Boone Hall, Middleton Place, and Drayton Hall have dramatic oak trees and grand columns from their days growing rice, indigo, and cotton.
But keep in mind that these beautiful homes are also the site of great suffering. McLeod Plantation on James Island does a great job of telling the stories of both the enslaved and free residents.
Once you’ve toured the historic homes, spend the rest of the day at one of Charleston’s beaches. Folly Beach is popular with students and has plenty of bars, restaurants, and shops to get out of the sun. Isle of Palms is home to resorts and private homes, but nice beaches. Sullivan’s Island is the local’s beach with a Civil War fort and a lighthouse station.
For the best seafood around, head to Shem Creek in Mount Pleasant. Here, the shrimp boats line up along the restaurants to provide the freshest ingredients. Grab a seat on the deck for sunset views and maybe even a dolphin sighting.
Day 3: Johns Island and Wadmalaw Island
Use your final day in Charleston to visit the further barrier islands. Start at Angel Oak on Johns Island, the “oldest living thing east of the Mississippi,” an estimated 400 years old. The massive oak tree is now held up with metal pylons because of the weight of the branches. It’s a great place for a picnic.
Keep driving to Wadmalaw Island, and check out the Charleston Tea Plantation, the only tea plantation in North America. Tea was first grown successfully in the 1800s and was transplanted to Wadmalaw Island in the 1960s.
The plantation was purchased by the Bigelow Tea Company in 2003 and continues to make the American Classic tea blend. They offer trolley tours of the grounds and the tea fields.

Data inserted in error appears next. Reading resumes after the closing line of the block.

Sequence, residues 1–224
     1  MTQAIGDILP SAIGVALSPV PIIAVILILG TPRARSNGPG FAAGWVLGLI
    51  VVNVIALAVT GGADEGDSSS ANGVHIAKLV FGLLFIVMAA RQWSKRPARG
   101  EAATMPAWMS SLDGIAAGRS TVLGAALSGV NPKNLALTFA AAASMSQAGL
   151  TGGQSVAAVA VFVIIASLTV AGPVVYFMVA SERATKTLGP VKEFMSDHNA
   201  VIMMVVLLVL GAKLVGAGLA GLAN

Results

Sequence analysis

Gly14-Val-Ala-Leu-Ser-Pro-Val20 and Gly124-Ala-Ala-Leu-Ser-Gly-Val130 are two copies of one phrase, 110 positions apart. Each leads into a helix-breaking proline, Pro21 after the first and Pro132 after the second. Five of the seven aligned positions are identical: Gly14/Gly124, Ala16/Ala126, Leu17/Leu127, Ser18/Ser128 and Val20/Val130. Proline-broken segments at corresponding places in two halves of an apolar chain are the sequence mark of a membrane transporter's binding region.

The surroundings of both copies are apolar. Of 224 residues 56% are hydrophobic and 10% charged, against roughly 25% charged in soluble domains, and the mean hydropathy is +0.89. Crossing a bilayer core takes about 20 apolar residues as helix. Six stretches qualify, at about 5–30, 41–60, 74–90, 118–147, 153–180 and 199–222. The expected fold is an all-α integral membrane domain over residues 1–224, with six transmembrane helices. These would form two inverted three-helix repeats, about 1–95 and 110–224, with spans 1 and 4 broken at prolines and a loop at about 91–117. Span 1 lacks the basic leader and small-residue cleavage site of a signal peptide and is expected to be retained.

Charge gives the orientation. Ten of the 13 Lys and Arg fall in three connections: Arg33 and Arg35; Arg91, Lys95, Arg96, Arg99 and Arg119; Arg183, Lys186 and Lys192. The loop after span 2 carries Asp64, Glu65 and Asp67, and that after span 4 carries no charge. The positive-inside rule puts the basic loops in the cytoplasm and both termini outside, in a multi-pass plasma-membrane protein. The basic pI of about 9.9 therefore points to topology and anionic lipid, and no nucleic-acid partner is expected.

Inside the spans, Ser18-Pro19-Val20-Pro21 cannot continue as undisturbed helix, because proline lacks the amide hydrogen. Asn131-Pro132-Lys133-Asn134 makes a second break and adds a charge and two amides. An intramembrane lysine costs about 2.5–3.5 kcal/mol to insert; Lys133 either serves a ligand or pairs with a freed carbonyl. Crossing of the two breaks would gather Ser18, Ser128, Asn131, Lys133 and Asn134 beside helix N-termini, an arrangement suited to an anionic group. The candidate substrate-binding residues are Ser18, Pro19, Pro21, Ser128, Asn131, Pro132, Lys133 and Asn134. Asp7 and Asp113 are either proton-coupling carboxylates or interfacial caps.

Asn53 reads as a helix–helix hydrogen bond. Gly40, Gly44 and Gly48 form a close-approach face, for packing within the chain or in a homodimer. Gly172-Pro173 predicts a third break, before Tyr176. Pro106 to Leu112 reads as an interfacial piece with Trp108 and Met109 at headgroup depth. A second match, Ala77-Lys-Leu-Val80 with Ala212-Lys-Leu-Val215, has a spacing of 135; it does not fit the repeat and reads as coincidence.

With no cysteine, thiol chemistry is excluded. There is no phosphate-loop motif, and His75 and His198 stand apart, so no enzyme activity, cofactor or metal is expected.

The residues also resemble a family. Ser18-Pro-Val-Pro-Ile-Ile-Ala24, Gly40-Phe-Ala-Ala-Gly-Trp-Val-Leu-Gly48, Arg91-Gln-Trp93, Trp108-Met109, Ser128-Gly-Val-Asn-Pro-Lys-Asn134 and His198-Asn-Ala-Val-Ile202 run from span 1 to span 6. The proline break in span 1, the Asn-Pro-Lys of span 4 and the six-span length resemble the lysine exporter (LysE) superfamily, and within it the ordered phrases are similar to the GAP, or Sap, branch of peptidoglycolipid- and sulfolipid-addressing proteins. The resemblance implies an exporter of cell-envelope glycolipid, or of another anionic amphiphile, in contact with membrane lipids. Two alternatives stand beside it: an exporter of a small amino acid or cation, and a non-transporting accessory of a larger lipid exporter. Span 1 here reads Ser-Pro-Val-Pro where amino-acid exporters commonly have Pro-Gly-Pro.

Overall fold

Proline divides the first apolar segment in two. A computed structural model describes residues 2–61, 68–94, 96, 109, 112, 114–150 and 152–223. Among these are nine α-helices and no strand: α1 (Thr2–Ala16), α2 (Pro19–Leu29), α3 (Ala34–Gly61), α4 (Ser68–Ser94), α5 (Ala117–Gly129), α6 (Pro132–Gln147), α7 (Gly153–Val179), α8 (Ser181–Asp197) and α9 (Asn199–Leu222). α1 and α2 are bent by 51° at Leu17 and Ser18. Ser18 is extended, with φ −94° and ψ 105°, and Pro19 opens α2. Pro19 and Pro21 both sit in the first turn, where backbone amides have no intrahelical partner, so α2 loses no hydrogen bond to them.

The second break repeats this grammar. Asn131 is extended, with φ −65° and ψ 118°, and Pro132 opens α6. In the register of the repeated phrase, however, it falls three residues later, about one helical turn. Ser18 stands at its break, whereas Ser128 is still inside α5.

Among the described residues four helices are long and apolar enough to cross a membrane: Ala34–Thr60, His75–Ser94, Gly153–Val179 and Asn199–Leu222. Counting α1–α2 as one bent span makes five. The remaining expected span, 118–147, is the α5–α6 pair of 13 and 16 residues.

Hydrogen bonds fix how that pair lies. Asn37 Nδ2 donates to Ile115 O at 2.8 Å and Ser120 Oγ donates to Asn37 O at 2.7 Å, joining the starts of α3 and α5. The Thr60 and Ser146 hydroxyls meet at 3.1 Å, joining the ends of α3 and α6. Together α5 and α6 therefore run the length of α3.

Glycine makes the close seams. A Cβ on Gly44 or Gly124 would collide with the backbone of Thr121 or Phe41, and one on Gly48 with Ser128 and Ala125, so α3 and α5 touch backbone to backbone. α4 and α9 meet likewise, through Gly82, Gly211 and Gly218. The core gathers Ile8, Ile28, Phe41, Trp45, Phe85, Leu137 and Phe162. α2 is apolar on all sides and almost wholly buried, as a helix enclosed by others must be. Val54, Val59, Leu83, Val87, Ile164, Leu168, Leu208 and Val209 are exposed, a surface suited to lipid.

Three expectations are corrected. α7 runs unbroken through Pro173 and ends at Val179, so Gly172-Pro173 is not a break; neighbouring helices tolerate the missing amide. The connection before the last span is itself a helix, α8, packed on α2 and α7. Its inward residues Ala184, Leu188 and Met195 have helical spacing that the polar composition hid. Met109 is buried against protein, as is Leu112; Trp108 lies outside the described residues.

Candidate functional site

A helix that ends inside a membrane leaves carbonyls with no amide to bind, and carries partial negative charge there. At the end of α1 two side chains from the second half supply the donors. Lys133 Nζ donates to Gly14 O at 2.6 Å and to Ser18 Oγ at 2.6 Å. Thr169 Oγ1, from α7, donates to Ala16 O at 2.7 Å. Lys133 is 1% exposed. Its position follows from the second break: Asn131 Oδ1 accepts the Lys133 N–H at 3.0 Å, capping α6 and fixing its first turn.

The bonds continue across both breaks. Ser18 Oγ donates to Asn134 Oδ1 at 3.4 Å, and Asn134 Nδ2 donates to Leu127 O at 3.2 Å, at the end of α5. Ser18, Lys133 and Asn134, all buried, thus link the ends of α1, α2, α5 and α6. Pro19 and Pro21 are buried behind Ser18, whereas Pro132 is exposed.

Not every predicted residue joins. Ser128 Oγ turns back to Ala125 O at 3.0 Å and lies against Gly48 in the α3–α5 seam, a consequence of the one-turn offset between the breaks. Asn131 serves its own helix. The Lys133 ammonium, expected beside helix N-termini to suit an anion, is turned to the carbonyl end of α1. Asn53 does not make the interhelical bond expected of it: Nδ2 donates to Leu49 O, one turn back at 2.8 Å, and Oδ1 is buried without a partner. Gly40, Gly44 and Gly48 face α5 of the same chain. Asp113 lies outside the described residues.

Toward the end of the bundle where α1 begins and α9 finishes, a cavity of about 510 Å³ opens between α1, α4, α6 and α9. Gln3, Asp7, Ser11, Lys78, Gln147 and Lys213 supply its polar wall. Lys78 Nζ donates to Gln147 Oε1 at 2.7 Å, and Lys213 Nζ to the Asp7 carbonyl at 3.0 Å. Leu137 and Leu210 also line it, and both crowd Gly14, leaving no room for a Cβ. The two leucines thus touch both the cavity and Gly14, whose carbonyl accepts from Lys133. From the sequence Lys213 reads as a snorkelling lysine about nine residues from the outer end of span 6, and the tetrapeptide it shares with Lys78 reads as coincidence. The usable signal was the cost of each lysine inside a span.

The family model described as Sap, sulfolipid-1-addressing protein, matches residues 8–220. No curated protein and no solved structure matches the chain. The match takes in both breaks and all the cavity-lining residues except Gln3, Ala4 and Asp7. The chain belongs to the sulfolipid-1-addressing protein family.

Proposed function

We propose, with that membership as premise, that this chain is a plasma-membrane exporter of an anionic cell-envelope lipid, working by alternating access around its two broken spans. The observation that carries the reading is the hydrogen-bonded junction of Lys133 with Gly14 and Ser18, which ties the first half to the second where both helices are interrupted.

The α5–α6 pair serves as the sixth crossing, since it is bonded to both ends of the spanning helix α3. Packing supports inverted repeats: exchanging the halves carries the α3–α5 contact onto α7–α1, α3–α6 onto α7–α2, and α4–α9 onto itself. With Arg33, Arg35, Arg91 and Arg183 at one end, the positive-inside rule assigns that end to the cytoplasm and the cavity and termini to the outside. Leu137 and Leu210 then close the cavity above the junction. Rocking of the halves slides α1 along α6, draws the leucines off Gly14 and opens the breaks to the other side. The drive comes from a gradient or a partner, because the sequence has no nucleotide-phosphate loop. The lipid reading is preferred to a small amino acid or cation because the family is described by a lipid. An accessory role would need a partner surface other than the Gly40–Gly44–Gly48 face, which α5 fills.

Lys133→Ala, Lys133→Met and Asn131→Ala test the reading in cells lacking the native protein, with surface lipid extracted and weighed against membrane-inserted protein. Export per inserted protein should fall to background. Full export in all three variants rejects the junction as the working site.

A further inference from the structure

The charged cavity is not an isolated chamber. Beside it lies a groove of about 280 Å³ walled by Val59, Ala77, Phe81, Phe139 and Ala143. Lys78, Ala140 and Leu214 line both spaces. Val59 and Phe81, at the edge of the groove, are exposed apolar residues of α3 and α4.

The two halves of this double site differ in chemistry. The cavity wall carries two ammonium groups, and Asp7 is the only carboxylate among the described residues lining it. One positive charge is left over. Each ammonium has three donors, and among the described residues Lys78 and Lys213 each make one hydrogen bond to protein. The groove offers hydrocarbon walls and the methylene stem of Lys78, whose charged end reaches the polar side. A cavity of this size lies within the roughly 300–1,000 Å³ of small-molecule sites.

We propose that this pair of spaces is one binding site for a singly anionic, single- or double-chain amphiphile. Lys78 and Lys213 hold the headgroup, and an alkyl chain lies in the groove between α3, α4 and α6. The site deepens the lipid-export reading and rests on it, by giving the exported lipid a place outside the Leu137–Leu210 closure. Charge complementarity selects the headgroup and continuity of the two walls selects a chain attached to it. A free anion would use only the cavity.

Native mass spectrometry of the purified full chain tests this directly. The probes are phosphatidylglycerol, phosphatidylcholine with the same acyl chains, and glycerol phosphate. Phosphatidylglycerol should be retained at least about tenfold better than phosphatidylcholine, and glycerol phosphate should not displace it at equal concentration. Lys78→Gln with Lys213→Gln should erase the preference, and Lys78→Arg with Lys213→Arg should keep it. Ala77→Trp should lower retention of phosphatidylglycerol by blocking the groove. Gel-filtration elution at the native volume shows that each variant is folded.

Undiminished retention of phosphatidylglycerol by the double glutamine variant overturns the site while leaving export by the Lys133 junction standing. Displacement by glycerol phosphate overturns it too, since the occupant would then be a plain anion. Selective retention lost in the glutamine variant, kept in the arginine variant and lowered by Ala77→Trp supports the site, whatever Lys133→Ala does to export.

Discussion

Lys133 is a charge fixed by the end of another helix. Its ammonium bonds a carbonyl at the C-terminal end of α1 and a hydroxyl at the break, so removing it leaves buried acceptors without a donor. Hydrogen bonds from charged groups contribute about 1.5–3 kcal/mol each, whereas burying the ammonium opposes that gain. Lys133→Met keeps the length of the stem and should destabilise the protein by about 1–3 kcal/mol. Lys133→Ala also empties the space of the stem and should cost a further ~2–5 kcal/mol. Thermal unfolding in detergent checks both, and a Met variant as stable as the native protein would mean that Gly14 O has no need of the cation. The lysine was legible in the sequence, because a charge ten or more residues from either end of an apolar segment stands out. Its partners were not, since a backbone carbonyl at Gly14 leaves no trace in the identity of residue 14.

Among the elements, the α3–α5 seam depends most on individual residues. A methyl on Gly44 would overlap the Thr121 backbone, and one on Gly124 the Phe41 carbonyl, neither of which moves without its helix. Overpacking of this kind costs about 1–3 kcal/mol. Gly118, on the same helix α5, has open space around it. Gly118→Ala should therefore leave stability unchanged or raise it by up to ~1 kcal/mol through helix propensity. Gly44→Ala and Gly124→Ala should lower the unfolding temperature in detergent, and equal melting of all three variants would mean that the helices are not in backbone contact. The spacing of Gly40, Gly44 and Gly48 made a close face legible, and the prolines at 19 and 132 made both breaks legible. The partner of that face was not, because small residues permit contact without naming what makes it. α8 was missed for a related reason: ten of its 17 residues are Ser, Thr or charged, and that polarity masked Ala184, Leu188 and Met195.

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When to Go
As one of America’s most popular destinations, there is no “off season” in Charleston. Spring is busy with festivals and events, but pollen can affect the comfort of travel. Summer months are very humid so visitors may not be used to the temperatures. Fall and winter are ideal as they are both mild in the city.
Where to Stay in Charleston
There are dozens of chain hotels, boutique properties, and historic inns throughout the peninsula, but don’t expect to pay less than $200 per night. You’re paying for the convenience of being able to walk to downtown.
Some have free breakfast and parking, which is an added perk. If you’re looking to save a bit, stay in North Charleston, Mount Pleasant, and West Ashley, all of which are a short drive away.
Getting Around Charleston
Most travelers will be able to see what they want to see in downtown Charleston by foot. But there’s the CARTA bus network that runs throughout the surrounding communities. It also has a free downtown DASH shuttle that loops around to the South Carolina Aquarium. Taxis, rideshare, and pedicabs also service the area.
I hope this helps you plan your 3 day itinerary for a trip to Charleston!
About the author: Caroline Eubanks is an award-winning writer from Atlanta and the author of This Is My South: The Essential Travel Guide to the Southern States. Her work has been published by Afar, BBC Travel, USA Today, and Fodor’s, covering the food and travel of the Southeast USA. Check out her site This Is My South.